Banbury has placed itself in the history books, and that’s not just with the nursery rhyme. Explore the market town to find out how it has contributed to this country’s cuisine, Civil War, and even the creation of its closest ally.
Banbury Cross and Museum
Banbury used to have three crosses: the High Cross, the Bread Cross, and the White Cross. But in the year 1600, they were destroyed by Puritans in an effort to remove Catholicism from the area. It wasn’t until 1859, nearly 260 years later, that Banbury would get another cross, which was to celebrate the marriage of Queen Victoria’s eldest child, Princess Victoria. This 16-metre-high cross is a stone, spire-shaped monument that has remained a significant centre-point of the town ever since.
Located by the Oxford Canal, the Banbury Museum displays the rich history of the town. This includes the English Civil War, Victorian Banbury, the creation of the Oxford Canal, and Tooley’s Boatyard, the oldest working dry dock in Britain. If you would like to visit the boatyard, then you can only do so via a guided tour. The museum was designed by ECD Architects of London, who won the architectural design competition launched by Cherwell District Council.
The family home of Lord and Lady Saye and Sele, which has remained in their family since 1447, is just under a 3-mile drive from Banbury, making it a perfect spot to visit while in the area.
Each room in this historic house has its own story. The Oak Room, featured in the films “Jane Eyre” and “Shakespeare in Love”, was added in the 16th century, and boasts a grand stone fireplace below a large painting of Charles II. The carpet found in the Gallery, which features family portraits from the 16th century through to the 19th century, was given to the house by the production company for the film “Three Men and a Little Lady” as it was made especially for the scene. The King’s Chamber has beautiful hand-painted wallpaper from China made in the year 1800 and has been used by King James I in 1604 and Edward VII in 1901, then Prince of Wales. The gatehouse has had many adjustments and repairs over the years, especially in 1655 after they were damaged during the siege of the castle during the English Civil War by Royalists.
Not only does Broughton Castle have a really interesting house, it also has a very stunning garden. The Ladies Garden was created in the 1890’s by Lady Algernon Gordon-Lennox when she lived in Broughton, which has some of the most beautiful flowers you will see during your time in Oxfordshire.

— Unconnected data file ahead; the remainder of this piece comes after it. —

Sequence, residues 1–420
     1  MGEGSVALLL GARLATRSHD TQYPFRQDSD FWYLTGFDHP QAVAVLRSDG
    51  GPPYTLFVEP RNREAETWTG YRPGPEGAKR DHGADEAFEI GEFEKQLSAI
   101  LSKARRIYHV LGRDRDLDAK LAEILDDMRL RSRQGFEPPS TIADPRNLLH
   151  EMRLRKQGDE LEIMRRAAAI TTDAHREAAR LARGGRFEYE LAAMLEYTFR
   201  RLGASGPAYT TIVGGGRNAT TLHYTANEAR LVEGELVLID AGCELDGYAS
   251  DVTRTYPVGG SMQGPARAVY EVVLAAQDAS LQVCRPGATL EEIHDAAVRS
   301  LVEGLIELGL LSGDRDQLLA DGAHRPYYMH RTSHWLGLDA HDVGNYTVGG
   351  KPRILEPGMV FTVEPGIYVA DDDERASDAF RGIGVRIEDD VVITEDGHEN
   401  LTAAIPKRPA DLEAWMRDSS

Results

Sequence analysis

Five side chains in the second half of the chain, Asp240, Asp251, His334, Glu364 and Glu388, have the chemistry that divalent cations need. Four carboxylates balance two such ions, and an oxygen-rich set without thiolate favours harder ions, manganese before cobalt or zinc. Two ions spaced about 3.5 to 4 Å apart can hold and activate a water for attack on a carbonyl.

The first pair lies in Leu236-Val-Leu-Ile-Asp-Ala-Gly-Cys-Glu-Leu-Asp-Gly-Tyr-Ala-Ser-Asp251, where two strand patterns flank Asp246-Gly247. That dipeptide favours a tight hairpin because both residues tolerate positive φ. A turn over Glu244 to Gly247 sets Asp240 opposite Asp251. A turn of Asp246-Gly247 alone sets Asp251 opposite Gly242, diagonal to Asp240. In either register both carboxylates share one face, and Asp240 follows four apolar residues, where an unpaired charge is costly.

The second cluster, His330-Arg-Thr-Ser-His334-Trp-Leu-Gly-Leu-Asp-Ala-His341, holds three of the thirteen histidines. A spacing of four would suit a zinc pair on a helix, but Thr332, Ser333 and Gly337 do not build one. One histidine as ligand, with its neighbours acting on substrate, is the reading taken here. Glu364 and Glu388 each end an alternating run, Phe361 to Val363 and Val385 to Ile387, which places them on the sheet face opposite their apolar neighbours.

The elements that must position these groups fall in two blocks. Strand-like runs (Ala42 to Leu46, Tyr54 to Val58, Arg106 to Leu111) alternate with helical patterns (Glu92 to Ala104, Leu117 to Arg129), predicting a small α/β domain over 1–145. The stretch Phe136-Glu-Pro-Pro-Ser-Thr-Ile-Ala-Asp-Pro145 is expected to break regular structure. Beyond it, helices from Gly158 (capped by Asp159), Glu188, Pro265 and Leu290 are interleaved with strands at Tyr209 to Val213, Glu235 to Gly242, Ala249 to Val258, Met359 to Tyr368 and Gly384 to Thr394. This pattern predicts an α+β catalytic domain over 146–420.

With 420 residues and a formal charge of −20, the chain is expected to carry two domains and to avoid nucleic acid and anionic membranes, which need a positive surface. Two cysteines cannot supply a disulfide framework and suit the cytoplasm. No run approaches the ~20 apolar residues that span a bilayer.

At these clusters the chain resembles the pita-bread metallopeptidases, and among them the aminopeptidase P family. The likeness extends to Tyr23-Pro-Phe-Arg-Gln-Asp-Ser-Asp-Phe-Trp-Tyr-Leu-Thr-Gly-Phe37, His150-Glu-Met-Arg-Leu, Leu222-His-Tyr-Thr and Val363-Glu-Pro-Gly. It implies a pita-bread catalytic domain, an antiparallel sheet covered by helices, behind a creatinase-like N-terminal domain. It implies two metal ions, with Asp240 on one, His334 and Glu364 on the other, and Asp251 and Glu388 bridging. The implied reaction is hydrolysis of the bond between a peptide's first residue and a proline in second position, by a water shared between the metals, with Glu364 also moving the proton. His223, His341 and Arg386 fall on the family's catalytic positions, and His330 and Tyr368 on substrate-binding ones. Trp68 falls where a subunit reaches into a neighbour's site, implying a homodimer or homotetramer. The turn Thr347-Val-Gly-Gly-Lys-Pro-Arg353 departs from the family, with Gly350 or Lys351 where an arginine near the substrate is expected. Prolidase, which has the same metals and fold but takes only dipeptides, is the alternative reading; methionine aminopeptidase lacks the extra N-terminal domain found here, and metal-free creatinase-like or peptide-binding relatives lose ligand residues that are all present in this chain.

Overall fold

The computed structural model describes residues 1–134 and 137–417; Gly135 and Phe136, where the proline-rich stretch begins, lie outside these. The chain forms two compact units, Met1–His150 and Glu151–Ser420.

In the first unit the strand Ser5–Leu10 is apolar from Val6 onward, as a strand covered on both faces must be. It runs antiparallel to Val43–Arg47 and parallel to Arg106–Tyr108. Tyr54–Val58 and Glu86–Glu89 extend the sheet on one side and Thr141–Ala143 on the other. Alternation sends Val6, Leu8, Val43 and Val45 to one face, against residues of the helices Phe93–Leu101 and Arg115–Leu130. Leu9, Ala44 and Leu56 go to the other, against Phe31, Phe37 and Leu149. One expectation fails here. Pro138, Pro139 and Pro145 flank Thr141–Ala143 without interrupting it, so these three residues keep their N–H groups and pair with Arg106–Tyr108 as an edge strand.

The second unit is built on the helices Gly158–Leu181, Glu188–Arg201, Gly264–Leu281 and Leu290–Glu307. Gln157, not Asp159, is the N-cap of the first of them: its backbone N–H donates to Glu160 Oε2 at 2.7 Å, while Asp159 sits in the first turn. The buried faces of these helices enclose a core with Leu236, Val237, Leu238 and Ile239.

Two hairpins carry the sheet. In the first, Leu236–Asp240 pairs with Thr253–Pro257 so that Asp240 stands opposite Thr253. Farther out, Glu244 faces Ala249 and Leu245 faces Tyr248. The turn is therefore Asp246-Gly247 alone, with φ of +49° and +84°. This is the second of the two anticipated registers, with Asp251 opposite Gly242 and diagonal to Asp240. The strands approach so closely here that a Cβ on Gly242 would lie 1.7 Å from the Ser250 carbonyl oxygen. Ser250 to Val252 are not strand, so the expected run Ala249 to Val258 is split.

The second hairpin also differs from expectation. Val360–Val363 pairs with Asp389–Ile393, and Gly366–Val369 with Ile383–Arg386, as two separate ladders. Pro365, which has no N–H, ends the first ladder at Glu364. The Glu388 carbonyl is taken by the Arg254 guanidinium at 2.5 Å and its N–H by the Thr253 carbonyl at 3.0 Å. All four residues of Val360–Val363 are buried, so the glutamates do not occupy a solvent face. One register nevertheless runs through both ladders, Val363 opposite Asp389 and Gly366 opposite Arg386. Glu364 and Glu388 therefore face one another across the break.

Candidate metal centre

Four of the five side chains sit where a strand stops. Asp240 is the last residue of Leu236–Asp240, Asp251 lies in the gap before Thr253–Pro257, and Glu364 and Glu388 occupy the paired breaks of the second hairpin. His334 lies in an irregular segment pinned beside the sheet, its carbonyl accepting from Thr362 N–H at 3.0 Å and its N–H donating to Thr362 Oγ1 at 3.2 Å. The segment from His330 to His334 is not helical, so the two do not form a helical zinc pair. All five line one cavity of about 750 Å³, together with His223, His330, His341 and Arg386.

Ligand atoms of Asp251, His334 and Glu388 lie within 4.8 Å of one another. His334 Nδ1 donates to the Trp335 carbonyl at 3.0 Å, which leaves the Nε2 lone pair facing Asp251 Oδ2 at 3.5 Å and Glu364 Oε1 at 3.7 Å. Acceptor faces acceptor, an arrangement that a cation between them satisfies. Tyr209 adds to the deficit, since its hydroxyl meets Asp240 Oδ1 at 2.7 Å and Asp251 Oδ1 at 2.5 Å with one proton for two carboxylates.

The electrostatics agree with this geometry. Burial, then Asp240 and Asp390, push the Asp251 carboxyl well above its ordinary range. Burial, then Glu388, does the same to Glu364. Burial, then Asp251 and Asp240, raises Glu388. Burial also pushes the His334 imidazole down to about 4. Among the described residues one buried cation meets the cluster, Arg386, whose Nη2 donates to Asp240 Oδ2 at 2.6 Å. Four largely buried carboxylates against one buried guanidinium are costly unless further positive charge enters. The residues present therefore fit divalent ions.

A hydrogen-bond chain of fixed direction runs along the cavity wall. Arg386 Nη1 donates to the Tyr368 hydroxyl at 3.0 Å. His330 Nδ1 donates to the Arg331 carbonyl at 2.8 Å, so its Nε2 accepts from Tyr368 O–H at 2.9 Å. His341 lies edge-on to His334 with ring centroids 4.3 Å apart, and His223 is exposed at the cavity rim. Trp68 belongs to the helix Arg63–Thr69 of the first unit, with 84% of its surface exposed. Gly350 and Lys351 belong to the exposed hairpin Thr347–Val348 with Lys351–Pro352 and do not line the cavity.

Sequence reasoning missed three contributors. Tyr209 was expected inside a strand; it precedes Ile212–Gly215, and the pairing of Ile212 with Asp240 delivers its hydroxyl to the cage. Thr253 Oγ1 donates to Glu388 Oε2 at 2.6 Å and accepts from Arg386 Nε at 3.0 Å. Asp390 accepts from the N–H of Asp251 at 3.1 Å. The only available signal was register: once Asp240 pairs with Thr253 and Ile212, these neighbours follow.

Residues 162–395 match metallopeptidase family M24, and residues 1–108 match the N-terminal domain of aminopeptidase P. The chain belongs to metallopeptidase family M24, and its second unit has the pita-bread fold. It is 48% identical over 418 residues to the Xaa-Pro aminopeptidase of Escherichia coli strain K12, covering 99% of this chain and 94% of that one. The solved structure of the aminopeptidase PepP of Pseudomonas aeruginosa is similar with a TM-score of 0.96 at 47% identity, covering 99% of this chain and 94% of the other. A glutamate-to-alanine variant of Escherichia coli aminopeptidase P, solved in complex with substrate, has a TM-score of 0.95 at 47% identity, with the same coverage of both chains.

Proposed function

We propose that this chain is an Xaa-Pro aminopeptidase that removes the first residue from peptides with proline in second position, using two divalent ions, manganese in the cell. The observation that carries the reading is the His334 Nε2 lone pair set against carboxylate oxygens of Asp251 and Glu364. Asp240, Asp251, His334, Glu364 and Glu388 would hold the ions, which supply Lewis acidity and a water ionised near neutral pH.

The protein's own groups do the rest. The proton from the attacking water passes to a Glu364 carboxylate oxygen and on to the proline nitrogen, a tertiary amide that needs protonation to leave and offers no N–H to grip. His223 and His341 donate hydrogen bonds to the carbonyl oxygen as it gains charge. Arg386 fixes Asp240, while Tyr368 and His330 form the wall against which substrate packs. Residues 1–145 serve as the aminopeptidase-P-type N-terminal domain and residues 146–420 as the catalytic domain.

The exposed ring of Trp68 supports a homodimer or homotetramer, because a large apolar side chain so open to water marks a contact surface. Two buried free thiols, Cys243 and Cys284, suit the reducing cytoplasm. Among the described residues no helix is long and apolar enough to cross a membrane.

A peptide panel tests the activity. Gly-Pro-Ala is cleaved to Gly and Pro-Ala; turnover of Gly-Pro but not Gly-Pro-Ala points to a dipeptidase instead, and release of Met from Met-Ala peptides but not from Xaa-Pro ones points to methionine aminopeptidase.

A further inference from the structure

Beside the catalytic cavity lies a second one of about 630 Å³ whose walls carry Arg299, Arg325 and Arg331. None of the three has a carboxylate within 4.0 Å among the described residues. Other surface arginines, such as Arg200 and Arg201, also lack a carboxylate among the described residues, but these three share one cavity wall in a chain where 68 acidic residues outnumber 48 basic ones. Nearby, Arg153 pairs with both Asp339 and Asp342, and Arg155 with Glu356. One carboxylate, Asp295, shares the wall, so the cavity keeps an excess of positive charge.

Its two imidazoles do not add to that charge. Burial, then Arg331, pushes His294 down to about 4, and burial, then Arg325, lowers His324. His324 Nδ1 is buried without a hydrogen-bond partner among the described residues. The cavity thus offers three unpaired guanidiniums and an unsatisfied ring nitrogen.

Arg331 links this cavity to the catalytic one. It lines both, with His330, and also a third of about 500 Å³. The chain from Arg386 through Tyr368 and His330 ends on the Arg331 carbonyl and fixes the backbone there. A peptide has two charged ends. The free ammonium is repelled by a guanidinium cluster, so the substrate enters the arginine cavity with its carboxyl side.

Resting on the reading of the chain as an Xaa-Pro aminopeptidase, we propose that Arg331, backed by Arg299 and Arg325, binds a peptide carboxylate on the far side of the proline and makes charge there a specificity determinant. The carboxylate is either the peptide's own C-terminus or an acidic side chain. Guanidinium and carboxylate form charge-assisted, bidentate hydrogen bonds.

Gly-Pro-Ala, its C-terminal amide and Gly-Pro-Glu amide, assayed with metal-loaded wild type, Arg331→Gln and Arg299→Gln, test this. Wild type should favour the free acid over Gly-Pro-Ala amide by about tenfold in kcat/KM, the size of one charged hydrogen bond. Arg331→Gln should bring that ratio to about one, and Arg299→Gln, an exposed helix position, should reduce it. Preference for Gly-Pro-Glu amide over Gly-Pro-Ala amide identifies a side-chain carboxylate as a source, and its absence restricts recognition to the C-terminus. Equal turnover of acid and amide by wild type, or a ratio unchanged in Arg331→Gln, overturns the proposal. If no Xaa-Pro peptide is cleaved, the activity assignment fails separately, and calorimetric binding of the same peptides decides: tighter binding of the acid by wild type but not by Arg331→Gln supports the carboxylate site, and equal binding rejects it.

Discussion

Open days for April and May 2023 are currently available on the Broughton Castle website, with the ones for June and July releasing on 14th May and the ones for August and September releasing 14th July.
Built by the ancestors of the first president of the United States, Sulgrave Manor is a place packed with history and knowledge about the creation of the USA and its special relationship with the UK. Opened to the public in 1921, Sulgrave Manor was saved from ruin by American and British donors, who funded the repairs in honour of 100 years of peace between the two countries.
Inside the Manor, explore the path that George Washington took on becoming president and you can even have a look at some of his personal belongings. There is also an interactive experience of playing old board games in the Great Hall, dressing up like a Tudor and grinding spices in the Kitchen, which really helps to immerse yourself in what life would have been like for Washington’s ancestors.
There are many different artifacts in the Manor including antique furniture, textiles and art that showcase the journey the house has taken through the different ages. Many of these were donated from both countries, which displays the continued friendship between the two nations.
The house opens on Sundays, Mondays, and Tuesdays from 10:30am to 4pm, with the last day being 31st October, so make sure to plan when you’re going to visit in advance and book on their website.
Banbury Cake & Coffee
Banbury boasts the world’s largest coffee-processing facility, owned by JDE Peet’s, which was built in 1964. The factory is sometimes still called General Foods as it was owned by the American company before getting taken over by Kraft Foods, and then joined Mondelez International when Kraft split.
It is not only coffee that Banbury is famous for. The infamous Banbury Cake, a spiced and currant-filled, oval-shaped pastry, was once as common to have with afternoon tea as scones for those in Banbury. While it’s popularity may have waned, it is still worth giving one a try, with the Cake Box on Castle Quay being highly recommended.
If you’re planning a trip to Banbury, you’ll enjoy a great day of history and culture. Don’t make the mistake of driving past.